Béla Bartók: The Miraculous Mandarin, Sz. 73, Op. 19 – The three tramps leap out, seize the Mandarin and tear him away from the girl (Bournemouth Symphony Orchestra; Marin Alsop, cond.)

Focus your attention on the passages that are exposed, and easily heard. If you are a wind or brass player you are heard all the time of course, but there are passages where your instrument has the main line or tune. Isolate these phrases. If you are performing an unfamiliar work take the time to listen to it while studying the music. This will make your practice time much more efficient.

Isolate the bars with tricky rhythms. Make certain to figure them out slowly and with a metronome. Count carefully.

Harris with cello case

Harris with cello case

If you haven’t had much sleep your pencil markings are indispensable—grand pauses, changes of meter, bars of rest, repeated patterns, sudden changes of tempo, key changes and accidentals, should all be flagged. Don’t be embarrassed about putting in some fingerings, and when you’re playing, make sure to keep looking ahead in the music. In the few moments before a concert quickly review the complex passages, flipping through the music to check the time signatures, key signatures, tempo markings, and the specific instructions the conductor gave in rehearsals.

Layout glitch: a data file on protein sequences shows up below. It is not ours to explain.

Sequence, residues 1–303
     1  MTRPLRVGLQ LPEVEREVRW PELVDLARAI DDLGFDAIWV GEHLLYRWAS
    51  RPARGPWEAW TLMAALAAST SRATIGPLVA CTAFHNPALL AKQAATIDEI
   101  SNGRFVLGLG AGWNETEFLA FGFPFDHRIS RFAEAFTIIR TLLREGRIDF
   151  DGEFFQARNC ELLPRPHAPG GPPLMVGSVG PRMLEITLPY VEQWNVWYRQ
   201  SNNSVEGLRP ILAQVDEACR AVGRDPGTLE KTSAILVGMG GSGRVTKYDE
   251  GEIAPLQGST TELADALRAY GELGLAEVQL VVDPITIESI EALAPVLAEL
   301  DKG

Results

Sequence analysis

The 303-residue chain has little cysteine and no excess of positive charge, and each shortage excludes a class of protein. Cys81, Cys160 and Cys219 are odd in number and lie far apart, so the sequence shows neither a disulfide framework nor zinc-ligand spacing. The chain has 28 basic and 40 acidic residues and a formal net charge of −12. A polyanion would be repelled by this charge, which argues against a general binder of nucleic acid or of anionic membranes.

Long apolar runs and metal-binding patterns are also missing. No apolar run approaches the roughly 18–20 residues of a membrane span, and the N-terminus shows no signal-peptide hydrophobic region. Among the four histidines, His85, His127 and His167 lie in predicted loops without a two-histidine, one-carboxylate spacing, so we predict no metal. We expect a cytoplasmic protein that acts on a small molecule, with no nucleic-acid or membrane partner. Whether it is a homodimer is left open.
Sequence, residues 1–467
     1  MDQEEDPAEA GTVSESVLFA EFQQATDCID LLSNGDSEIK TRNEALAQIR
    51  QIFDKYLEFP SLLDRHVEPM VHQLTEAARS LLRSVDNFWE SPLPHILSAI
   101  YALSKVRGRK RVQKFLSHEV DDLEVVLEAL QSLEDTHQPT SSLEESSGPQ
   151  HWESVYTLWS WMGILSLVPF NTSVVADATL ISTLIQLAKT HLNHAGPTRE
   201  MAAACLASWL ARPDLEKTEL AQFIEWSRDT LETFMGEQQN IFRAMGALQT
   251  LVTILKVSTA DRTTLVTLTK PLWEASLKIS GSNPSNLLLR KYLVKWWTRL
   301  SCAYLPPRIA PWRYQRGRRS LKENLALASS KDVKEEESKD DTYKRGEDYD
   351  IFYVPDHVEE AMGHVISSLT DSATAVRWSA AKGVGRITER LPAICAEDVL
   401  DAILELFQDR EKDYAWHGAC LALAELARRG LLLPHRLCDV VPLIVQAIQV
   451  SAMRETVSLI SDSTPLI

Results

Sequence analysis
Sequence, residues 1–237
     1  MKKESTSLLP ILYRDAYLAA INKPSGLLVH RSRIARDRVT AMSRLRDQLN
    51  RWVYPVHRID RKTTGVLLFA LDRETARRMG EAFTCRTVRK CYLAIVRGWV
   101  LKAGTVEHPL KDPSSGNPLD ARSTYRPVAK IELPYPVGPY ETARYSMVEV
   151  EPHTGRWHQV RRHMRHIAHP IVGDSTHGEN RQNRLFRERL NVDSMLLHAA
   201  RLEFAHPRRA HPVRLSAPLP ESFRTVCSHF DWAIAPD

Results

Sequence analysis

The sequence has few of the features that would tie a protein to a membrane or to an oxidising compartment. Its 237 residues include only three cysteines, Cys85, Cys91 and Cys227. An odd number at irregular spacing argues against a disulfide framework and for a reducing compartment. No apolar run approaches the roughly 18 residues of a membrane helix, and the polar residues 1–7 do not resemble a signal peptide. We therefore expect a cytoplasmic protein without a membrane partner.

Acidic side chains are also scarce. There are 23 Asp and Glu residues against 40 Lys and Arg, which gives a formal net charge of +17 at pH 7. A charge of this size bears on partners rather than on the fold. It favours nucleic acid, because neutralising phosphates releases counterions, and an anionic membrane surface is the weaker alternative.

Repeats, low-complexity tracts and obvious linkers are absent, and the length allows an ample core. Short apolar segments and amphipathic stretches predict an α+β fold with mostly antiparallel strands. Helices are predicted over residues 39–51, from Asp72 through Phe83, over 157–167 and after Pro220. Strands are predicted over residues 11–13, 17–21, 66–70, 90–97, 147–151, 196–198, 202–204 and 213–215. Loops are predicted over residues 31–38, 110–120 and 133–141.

It’s become much easier now that prominent orchestral musicians and soloists have gone public about the challenges of being a pro and a parent. One day your child will attend one of your concerts, insist on carrying your instrument for you, and you may even hear, “That’s my mommy playing. She practices hard.”